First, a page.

Everything suggests that once the health situation stabilizes and mobility restrictions are relaxed, “tourism will recover and come back with force”, says the director of Tourism of the business organization. The desire to travel, to explore new places and to know other ways of life remains intact, so if family budgets allow it, it will be the security conditions that determine the next destination of our longed-for vacations. In this sense, the Balearic Islands play with an advantage. The favorable epidemiological situation in the islands, with a low incidence of infections compared to the rest of the territories at the time of writing this report, envisions a graceful tourist season, as long as the vaccination campaign is up to par.

Nothing will ever be the same

If the post-COVID tourist will demand excellence in terms of safety and hygiene and will value factors such as social distancing or freedom, the adaptation of companies to these new demands will be key to ensure their viability. “Knowledge, flexibility, security and anticipation will be the new rules of the game. The companies will adapt their structures to this new tourist and a more technological, conscious, inclusive and resilient evolved ecosystem will be generated”, declares Benito.

For now and according to a recent study by the Fundació Impulsa, “the path to digital transformation is already adding followers, especially in services (48.2%) and large companies (80%), which “will have a positive effect on the creation of new competitive advantages related to innovation, efficiency, sustainability and, of course, the differentiation of products and services”.

gente disfrutando en la playa mallorca

Reconnecting with nature has become a priority.

Intact Mediterranean leadership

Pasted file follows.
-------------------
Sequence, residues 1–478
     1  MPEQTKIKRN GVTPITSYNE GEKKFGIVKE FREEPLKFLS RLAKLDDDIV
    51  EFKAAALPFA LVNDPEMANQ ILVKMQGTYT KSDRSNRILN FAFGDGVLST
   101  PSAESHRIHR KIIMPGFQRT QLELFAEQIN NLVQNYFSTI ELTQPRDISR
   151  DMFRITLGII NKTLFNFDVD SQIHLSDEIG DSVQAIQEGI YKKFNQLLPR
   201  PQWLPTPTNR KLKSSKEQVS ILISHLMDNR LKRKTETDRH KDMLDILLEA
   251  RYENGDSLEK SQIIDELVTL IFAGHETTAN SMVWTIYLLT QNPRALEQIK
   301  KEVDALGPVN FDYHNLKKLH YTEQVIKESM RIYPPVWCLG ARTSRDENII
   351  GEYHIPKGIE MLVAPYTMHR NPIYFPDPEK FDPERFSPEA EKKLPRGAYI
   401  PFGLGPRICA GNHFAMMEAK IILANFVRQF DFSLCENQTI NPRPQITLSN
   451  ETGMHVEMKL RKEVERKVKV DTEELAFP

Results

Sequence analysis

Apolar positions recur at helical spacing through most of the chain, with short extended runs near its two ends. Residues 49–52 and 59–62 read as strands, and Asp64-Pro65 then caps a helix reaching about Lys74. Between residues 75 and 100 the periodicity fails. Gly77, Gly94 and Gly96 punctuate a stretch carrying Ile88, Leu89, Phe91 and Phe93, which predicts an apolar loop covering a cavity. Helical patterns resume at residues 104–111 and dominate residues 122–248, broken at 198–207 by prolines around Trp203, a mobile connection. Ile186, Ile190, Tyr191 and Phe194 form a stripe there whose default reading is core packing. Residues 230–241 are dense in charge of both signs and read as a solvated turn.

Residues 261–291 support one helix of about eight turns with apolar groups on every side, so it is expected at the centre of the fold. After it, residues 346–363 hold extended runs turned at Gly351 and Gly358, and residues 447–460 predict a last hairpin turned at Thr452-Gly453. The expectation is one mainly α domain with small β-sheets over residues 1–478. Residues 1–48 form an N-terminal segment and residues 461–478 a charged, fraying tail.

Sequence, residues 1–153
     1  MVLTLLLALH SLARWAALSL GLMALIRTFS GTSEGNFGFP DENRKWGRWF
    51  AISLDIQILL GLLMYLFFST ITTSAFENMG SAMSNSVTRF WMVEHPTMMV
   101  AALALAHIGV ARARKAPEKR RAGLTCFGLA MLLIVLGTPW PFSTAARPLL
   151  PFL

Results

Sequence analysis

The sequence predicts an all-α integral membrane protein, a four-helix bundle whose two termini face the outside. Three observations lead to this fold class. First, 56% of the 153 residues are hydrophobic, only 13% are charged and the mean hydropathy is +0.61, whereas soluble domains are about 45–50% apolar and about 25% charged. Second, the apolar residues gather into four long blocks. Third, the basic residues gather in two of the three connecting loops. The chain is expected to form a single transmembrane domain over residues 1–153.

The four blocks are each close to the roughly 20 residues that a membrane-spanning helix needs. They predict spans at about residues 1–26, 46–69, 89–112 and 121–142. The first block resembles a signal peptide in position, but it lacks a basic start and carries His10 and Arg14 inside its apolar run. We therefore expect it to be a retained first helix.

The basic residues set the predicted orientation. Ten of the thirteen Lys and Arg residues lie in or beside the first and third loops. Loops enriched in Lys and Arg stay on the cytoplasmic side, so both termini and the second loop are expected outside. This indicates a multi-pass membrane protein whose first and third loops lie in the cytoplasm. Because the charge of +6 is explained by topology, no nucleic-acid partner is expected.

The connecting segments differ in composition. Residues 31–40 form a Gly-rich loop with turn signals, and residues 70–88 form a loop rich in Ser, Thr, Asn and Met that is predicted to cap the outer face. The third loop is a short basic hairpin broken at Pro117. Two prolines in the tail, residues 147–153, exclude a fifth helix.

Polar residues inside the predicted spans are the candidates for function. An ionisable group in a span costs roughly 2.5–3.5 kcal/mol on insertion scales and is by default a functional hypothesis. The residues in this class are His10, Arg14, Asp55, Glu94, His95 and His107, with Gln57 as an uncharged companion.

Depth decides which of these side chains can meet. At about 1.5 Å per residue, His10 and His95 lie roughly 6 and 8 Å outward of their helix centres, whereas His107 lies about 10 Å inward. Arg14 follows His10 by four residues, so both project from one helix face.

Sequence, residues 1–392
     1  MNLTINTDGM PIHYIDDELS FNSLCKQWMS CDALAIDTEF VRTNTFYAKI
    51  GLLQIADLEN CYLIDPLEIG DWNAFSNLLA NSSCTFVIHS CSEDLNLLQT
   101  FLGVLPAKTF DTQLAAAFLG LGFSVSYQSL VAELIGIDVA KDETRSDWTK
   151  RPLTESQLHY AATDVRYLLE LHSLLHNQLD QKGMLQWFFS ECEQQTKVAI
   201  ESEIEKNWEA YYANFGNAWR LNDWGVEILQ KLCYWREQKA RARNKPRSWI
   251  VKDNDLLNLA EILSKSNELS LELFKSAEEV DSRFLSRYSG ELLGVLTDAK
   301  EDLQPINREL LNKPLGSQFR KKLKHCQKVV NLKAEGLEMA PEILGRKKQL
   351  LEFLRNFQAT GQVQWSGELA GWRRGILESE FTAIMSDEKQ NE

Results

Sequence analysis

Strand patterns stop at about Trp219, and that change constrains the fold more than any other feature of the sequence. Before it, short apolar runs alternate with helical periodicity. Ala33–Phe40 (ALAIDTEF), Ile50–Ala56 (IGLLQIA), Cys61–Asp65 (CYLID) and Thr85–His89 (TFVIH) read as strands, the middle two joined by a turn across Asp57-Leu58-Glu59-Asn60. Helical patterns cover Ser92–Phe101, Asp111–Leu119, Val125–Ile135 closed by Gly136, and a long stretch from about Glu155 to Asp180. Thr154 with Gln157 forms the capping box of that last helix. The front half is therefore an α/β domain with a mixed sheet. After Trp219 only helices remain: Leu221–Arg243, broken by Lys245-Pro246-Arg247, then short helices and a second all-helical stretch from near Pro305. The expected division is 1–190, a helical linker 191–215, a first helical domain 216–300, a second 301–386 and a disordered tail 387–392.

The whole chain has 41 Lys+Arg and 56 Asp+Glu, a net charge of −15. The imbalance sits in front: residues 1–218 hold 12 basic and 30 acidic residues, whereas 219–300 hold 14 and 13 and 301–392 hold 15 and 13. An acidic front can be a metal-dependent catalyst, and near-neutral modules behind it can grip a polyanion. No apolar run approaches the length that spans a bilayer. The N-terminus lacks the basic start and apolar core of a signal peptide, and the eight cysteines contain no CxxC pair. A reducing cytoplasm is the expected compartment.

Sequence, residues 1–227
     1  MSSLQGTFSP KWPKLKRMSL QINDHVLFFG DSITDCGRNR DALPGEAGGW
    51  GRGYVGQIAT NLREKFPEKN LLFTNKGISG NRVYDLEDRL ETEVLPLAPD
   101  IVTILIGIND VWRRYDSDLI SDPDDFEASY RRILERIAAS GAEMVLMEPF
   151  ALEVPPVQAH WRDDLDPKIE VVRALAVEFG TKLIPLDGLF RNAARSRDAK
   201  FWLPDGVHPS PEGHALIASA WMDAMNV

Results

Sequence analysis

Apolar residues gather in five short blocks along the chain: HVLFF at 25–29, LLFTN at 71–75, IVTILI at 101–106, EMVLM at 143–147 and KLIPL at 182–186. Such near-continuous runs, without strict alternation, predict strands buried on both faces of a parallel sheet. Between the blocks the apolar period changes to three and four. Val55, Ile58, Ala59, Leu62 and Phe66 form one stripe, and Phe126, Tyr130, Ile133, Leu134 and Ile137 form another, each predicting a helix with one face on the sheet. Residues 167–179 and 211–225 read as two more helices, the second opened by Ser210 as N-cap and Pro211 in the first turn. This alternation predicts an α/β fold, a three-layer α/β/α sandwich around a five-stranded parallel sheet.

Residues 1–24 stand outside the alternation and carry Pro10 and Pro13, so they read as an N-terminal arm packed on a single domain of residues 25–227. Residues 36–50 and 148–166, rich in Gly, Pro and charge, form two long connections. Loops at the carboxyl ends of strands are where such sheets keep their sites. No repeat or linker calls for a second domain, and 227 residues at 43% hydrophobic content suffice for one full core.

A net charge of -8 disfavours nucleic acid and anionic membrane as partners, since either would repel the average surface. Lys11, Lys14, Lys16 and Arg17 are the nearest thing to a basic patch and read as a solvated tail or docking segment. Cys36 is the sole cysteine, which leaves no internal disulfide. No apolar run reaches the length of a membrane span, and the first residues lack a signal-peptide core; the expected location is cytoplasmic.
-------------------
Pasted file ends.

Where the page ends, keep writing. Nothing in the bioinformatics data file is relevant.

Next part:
In the words of sociologist Ballester, our society “has created a fortunate culture and balance”. Many visitors arrive knowing that “Mallorca is much more than what they can buy” and that they land in “a region that knew how to build stone walls, ‘llaüts’, the Lonja, the Cathedral, etc.”.

Although it does not escape the scourges of the pandemic in its economy, “the strengths of the Balearic Islands are unmatched with other Mediterranean destinations”, Inmaculada Benito underlines. Its relaxed lifestyle, the benefits of its climate, the excellent air connection with Europe, the incredible value of its landscape or its cosmopolitan air make it a unique territory, “less obsessed with consumption, speed and competition”, although its tourist competitiveness is unquestionable.

Authentic versus withered uniformity

Mallorcan society, modern and advanced in equal parts, connected and multicultural, has for some time been witnessing a reunion with the best of its traditions, with its most authentic ways of life: “From food (wine, oil, sobrasada, pastry, etc.), to music, through the recovery of crops or artisanal ways of working with stone or building boats”, defends Ballester.

The uniformity of globalization, which with tourism brought a great improvement in the quality of life of Majorcans but also other less fortunate changes such as increased pollution, overexploitation of their own resources and uncontrolled urbanization, today it is not trendy. The search for novelty, for authentic and different experiences that provide added value forces us to be faithful to our identity in order to meet the expectations of travelers who will soon set foot on the island.